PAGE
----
The Problems of the Railways

  • Michael R. Bonavia


In financial terms the railways in 1948 were providing 77 per cent of the BTC’s gross receipts and were obviously the key to the position of the whole business. In physical terms, both the railway infrastructure and the rolling stock were suffering acutely from maintenance deferred, not merely during the war years, but since then also by a Labour government looking to nationalisation as a panacea for almost every economic ailment.


Private Owner Rolling Stock Rail Transport Steam Locomotive Railway Company 
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Notes and References

  1. 1.
    BTC S43-7-1.Google Scholar
  2. 2.
    Keith W. C. Grand was educated at Rugby and joined the GWR in 1919 at Park Royal goods station. In 1922 he was transferred to the General Manager’s office and in 1926 went to New York as General Agent for the GWR in the USA and Canada. In 1929 he returned to become Assistant Publicity Agent; in 1932 he was Commercial Advertising and Publicity Agent, and in 1932 General Assistant to the Superintendent of the Line. After a brief spell as Divisional Superintendent, Swansea, he returned to Paddington as Assistant to the General Manager in 1937, becoming Principal Assistant in 1939 and Assistant General Manager in 1941. He died in 1983.Google Scholar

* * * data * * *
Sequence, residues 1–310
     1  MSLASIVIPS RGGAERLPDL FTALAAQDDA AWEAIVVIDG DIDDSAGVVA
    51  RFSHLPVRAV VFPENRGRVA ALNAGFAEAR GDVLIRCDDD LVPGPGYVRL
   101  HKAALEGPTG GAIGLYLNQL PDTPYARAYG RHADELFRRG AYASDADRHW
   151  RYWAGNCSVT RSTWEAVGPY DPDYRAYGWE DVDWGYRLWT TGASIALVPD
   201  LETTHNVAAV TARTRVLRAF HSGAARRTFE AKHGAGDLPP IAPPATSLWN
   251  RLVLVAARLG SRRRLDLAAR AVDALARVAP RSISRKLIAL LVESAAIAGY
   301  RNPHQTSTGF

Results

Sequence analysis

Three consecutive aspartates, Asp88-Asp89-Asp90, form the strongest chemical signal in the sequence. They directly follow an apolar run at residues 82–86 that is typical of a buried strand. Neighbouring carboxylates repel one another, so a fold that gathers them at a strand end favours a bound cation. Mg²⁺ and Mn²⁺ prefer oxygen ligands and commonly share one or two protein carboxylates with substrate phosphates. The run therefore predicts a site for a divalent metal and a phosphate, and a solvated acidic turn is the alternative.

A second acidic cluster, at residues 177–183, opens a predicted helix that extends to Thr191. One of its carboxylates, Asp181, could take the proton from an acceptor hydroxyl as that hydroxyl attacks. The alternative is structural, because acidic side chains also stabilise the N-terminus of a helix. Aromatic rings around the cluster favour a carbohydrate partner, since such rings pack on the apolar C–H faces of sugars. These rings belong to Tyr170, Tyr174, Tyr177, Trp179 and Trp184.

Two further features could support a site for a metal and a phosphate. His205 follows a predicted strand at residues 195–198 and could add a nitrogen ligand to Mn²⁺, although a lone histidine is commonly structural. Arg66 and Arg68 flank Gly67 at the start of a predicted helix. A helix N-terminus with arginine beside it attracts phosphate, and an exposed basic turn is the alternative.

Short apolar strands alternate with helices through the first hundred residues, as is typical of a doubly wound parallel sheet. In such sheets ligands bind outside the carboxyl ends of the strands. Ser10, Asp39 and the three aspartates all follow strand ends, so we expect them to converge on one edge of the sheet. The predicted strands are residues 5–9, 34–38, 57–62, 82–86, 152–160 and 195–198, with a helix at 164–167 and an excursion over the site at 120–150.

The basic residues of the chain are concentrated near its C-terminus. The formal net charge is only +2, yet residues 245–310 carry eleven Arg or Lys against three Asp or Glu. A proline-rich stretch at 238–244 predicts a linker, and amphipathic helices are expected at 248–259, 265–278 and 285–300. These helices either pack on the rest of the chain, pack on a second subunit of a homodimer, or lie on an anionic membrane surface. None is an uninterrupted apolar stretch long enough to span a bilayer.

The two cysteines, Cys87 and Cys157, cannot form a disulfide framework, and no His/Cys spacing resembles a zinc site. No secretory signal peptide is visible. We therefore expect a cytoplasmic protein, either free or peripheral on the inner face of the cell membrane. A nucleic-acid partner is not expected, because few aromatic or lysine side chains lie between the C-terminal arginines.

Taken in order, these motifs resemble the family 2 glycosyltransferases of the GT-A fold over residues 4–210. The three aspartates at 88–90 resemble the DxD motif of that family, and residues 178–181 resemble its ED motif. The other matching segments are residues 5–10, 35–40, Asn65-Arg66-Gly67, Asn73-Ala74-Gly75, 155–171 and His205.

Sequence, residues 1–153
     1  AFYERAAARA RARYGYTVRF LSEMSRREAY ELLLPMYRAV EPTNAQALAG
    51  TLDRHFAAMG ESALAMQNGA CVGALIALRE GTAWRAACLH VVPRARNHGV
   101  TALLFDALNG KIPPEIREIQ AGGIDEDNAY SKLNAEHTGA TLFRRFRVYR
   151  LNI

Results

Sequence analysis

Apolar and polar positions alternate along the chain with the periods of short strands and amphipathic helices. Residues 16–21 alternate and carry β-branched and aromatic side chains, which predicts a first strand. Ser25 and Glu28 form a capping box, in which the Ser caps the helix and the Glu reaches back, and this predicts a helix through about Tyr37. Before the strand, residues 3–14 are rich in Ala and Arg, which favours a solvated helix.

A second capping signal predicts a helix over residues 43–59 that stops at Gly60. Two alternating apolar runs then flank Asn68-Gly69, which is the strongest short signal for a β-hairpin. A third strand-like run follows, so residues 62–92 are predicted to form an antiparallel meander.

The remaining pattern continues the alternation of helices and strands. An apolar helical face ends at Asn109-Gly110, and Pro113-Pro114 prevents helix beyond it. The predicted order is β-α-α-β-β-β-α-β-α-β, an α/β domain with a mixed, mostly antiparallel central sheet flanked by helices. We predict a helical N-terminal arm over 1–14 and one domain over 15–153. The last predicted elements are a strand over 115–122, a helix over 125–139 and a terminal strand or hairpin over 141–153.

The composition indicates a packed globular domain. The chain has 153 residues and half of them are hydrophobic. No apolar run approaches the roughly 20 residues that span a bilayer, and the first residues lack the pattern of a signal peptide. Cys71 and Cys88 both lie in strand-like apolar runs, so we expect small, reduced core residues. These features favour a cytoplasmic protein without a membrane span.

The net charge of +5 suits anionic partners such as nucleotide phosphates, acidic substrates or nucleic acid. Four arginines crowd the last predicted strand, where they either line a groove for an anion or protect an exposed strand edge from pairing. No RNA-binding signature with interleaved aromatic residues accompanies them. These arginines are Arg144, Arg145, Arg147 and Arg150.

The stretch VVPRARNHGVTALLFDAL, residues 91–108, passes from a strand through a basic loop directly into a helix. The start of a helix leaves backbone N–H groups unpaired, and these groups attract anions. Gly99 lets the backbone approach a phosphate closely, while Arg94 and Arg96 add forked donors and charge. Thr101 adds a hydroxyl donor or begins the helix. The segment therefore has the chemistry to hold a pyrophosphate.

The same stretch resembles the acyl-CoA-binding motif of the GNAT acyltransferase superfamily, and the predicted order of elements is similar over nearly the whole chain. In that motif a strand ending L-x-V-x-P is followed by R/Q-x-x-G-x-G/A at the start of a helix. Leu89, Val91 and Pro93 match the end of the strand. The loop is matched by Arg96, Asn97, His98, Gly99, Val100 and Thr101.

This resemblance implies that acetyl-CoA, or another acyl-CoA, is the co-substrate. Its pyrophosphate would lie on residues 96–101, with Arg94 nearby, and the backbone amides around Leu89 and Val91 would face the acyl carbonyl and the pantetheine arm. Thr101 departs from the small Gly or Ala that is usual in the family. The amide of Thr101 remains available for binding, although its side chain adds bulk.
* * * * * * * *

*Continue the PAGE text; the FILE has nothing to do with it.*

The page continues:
3. 3.
    John Blumenfeld Elliot was the son of R. D. Blumenfeld, Editor of the ‘Daily Express’. He was educated at Marlborough and Sandhurst, joining the Hussars with which he saw service in the 1914–18 war. He became Assistant Editor of the ‘Evening Standard’ but joined the Southern Railway in 1925 as Public Relations Assistant to the General Manager. In 1930 he became Development Assistant in the Traffic Department, in 1933 Assistant Traffic Manager, in 1937 Assistant General Manager, in 1939 Deputy General Manager and in 1947 Acting General Manager. He was knighted in 1953.Google Scholar
  4. 4.
    Elliot, On and Off the Rails, p. 68.Google Scholar
  5. 5.
    Thomas F. Cameron, born 1890, was educated at George Watson’s College and Edinburgh University. He joined the North Eastern Railway as a Traffic Apprentice in 1912. In 1926 he was Mineral Traffic Controller, Hull, LNER; in 1929 Docks Superintendent, Tyne Dock; in 1931 Assistant District Goods Manager, Newcastle-on-Tyne; in 1933 Assistant District Superintendent; in 1936 Assistant Divisional General Manager, York; in 1943 Assistant Chief General Manager, York; in 1943 Assistant Chief General Manager (Works and General). In 1943 he was made acting Divisional General Manager (Scottish Area) and confirmed in that post in 1946.Google Scholar
  6. 6.
    BTC S26-2-2C.Google Scholar
  7. 7.
    The most objective analysis is probably contained in J. Johnson and R. A. Long, British Railways Engineering, 1948–1980 (London, 1981) pp. 34–43.Google Scholar

Copyright information

© Michael R. Bonavia 1987

Authors and Affiliations

  • Michael R. Bonavia

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